- Could you increase handwashing if you provided extra (permanent or temporary) sinks that are easily accessible throughout your campus?
- Could you re-design doors to be more hygienic? Flipping hinges so that you push open doors when exiting bathrooms or when entering dining areas?
- Could you add dedicated handwashing areas inside your dining hall that don’t require people to use the bathroom sinks before eating?
- Would automatic sinks, toilets, soap dispensers, or paper towel dispensers increase hygiene?
- Would a small basketball style shot-clock, or a simple digital clock that displays seconds, placed in view of sinks increase the effectiveness of handwashing?
While the risks to some audiences are smaller, that does not mean that those audiences are safe. However, there are some differences in audiences that should be taken into consideration.
- Are there some audiences, camps, or events, for whom a higher risk might necessitate canceling those specific events, while other events remain uncanceled?
- How effective will preventative measures be for this age-group? Will this group of campers follow, ignore, or even rebel against the safeguards you are putting in place?
- If (with extra emphasis on IF) an age group is more likely to be asymptomatic infectious carriers, then how might that change your safeguards?
- If further testing confirms that 1 in 5 contagious individuals will pass a health and temperature check – yet still be infectious, then how might that change your procedures and decisions?
Games and activities at camp are often intentionally highly interactive. And for good reason. Hands-on group experiences are often pivotal in the positive physical, spiritual, and emotional wellbeing of campers. But when the very nature of being physically close can potentially lead to negative outcomes, we need to re-consider how we implement our programming.
- Could you re-create activities without shared items?
- Imagine using the concepts of basketball to inspire a new game that uses similar ideas, but where either everyone has their own personal ball or no ball at all?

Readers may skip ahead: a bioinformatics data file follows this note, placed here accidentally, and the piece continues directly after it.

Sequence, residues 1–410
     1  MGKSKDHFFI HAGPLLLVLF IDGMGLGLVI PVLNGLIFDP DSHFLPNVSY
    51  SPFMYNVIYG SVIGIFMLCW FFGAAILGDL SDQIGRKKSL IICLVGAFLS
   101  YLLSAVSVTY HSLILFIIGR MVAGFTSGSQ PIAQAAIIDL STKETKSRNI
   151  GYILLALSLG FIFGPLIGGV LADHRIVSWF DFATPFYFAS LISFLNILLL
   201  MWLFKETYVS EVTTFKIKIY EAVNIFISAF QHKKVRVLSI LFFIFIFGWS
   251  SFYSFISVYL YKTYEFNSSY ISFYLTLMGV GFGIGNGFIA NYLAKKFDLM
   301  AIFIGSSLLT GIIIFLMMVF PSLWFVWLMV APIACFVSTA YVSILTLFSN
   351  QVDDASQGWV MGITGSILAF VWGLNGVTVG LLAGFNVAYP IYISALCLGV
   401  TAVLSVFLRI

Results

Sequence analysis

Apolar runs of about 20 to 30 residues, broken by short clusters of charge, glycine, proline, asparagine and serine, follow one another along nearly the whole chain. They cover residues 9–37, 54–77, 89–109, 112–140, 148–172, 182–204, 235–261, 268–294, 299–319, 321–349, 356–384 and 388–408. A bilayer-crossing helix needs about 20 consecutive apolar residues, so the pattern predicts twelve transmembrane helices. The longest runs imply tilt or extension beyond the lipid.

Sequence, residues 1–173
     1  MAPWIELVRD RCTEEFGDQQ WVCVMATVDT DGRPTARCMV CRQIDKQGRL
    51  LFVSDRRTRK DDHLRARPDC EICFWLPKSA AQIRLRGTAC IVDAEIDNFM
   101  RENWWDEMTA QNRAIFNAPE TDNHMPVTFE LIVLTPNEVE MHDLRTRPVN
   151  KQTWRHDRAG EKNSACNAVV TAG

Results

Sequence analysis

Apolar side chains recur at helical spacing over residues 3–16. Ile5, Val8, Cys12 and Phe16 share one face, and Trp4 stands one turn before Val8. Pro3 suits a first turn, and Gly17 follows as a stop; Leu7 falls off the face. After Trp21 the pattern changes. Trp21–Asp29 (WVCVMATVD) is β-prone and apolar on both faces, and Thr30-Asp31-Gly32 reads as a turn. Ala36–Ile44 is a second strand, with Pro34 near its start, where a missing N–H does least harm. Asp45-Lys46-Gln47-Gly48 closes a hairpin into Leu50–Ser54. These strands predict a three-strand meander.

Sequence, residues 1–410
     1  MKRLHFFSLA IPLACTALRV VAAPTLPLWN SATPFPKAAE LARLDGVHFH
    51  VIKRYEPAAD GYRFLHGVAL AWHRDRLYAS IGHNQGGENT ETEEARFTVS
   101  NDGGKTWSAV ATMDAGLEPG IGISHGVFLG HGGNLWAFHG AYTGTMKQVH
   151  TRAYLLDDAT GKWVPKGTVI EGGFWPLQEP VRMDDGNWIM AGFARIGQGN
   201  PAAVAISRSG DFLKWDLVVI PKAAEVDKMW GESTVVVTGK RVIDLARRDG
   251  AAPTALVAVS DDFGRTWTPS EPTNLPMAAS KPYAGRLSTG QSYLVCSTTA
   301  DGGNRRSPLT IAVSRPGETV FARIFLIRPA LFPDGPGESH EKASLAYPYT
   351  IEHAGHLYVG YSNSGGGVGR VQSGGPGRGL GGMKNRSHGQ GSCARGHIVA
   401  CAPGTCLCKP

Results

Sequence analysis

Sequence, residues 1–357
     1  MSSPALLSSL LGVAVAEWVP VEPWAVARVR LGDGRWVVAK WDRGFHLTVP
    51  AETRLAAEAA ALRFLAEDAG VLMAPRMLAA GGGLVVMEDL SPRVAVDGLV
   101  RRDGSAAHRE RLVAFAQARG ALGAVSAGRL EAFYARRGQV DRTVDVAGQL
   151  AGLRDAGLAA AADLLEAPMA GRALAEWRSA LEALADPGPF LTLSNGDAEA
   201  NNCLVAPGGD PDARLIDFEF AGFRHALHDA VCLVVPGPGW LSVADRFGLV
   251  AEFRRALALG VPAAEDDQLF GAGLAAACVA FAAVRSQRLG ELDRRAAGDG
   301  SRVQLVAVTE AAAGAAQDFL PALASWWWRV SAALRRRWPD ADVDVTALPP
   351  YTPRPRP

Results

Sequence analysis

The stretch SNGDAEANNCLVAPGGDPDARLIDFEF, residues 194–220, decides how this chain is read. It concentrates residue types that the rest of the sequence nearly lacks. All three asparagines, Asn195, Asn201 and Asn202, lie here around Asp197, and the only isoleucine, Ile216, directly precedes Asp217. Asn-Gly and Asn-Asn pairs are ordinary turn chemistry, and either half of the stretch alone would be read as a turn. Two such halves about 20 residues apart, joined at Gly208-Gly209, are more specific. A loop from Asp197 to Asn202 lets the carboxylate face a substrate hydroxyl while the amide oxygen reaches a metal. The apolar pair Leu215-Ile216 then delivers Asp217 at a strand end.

- Could you use cleaning and good hygiene to sufficiently reduce the risk?
- For Arts and Crafts type activities, could you purchase more tools to reduce the number of items requiring sharing?
- How might you need to re-setup meeting rooms and activity rooms to help reduce the risk of transmission?
- What new games and activities could you create?
While much thought has been spent focusing on how to improve the chances of being open and at least partially operational, there is another side to consider:
If we’re able to be open, will anyone even come?
The answer to this question will vary greatly, but here are some more factual thoughts to consider:
- Some campers will always attend regardless of the perceived risk. However, in general, the greater your target audience views the risk, the fewer participants you will see from that audience group.
- Without minimizing or misleading, what can you do to help communicate accurately and truthfully?
- What are the groups that are more likely, or less likely, to attend? How can that help shape what camps or events you focus on?
- If an anti-body test becomes available, and if those individuals are immune, would you want to run a camp for such a select group of campers? Would you have enough immune staff? How might the general public respond to such an event?
- Churches, Schools, Scouts, and Groups
- How will the group leader be able to put this trip together under their current and potential future circumstances?
- How is the organization or the individual participants going to pay for this?